The Sunday Football-Related Music Post: Messages in Music

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via USA Today Sports

We’re getting tantalizingly close to the end of the seemingly endless off-season, so in the next two weeks I’ll be wrapping some musical things up.

This is as opposed to “rapping” things up, such as throwing out one’s suggested contract amount via a mixtape, as Le’Veon Bell seems to have recently done.

Plenty of words have been written about Bell’s “15” (as in million per year, one assumes,) but few of them were funnier than the words written by Post-Gazette sportswriter Gene Collier. Here are a few of them:

Cultural musicologists have long suspected that in the future, all NFL contracts will be negotiated through rap lyrics, but few understood the frightening speed at which the future was approaching…

Le’Veon Bell, a Steelers hyper-talented running back, dependable pass-catching option with the expunged record of questionable judgment as LeGarrette Blount’s star-crossed Uber driver, last weekend became the first baller in history to commence contract negotiations in a rap song, and perhaps any song.

Should you wish to hear the song in question, clicking on the link above will take you to the original PG article, which has an embedded sound file. If you just want the Cliff Notes version, keep reading:

“I’m at the top, and if not, I’m the closest,” goes the lyric. “I’m a need 15 a year and they know this.”

The Steelers, as it happens, did not know this, but as one front-office source speaking on condition of anonymity for reasons too obvious to even state told me, “I guess we do now.”

After Collier writes some purported rap-infested dialogue between the Rooneys and Bell during the coming months, he ends this way:

Perhaps somewhere in long-buried details of their early NFL years, there’s a story about Whizzer White, their first pick in the 1938 draft, communicating with Arthur J. Rooney himself in the musical style of the day.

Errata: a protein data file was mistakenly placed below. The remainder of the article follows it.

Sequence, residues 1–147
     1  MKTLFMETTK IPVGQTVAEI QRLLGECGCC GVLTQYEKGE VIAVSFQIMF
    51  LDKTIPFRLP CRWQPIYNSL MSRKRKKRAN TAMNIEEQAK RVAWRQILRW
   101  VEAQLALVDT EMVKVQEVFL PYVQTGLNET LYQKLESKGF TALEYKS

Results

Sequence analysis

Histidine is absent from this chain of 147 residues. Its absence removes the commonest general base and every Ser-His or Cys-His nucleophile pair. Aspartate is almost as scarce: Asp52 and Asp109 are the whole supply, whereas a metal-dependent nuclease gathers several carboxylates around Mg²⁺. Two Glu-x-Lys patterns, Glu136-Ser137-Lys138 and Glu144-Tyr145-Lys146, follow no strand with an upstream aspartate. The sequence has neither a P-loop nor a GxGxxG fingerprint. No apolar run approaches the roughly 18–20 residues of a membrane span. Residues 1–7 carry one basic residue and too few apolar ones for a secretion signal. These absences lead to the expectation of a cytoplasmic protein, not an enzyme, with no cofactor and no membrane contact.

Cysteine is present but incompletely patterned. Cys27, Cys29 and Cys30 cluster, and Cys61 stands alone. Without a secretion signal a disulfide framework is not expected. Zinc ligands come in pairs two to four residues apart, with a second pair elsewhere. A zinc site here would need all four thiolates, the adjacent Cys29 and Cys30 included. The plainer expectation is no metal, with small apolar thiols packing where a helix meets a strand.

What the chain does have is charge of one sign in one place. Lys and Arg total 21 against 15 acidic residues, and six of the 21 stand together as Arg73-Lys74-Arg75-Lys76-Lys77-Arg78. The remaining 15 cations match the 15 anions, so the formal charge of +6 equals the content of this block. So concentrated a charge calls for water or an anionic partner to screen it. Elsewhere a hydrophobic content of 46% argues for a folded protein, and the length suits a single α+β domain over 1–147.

“A tisket, a tasket, need cash for my yellow basket.”

Coincidentally, White wanted 15 as well.

Fifteen thousand.

The Chief, leveraged by the knowledge that White would soon become a Rhodes Scholar (and eventually a Supreme Court justice), managed to get him for exactly that, $15K.

In the following video, music is a way to deliver quite a different message. Ben Utecht, a tight end with the Colts from 2004-07, and with the Bengals for 2008 and part of 2009, suffered at least five concussions during his career. The final one, which took place on camera during the filming of “Hard Knocks” in Bengals’ training camp, eventually knocked him out of the game. The Bengals waived him with an injury settlement.

Utecht, who had always planned a music career after he left the NFL, has made four albums. But he is perhaps best known for the music video below. He made it after he started suffering significant memory loss in 2011, at age 30. Perhaps he is being overly pessimistic, but he fears he may not know his family one day because of his brain injuries.

So is this a valid concern? Without a lot more research, it’s difficult to say. But a paper published by the National Institutes of Health in, coincidentally, 2011, says this:

Brain trauma has long been thought to play a role in initiating or accelerating the molecular cascade involved in several degenerative diseases, including Alzheimer’s disease (AD), Parkinson’s disease (PD), and Amyotrophic Lateral Sclerosis (ALS). Additionally, repetitive concussive and subconcussive brain trauma has been implicated as the primary risk factor for developing the progressive neurodegenerative disease Chronic Traumatic Encephalopathy (CTE), as well as the motor neuron disease variant Chronic Traumatic Encephalomyelopathy (CTE-M).

None of those are pleasant prospects. You can’t blame Utecht for being concerned. Here’s the video:

Travis Feeney, Steelers rookie, published the following tweet in May:

It seems as if this is what Ben Utecht is doing. He has a lovely voice, and I wish him all the best in his music career and his future life. As we watch this game we love, I hope we don’t forget the cost to the players.

James Harrison was quoted as saying something to the effect that they know what they are signing up for, and he does this so his kids can have a better life.

Actually, though, he didn’t know what he was signing up for back in 2002, although he presumably does now. Nor did Utecht, or any of the players until the last few years. Would this have altered the face of the league had guys realized ten years ago what even the NFL has finally admitted about head injuries? How is it going to make us view the guys drafted this season? I certainly don’t have any, but Ivan and I will be exploring this issue in much greater depth in the coming months.

 

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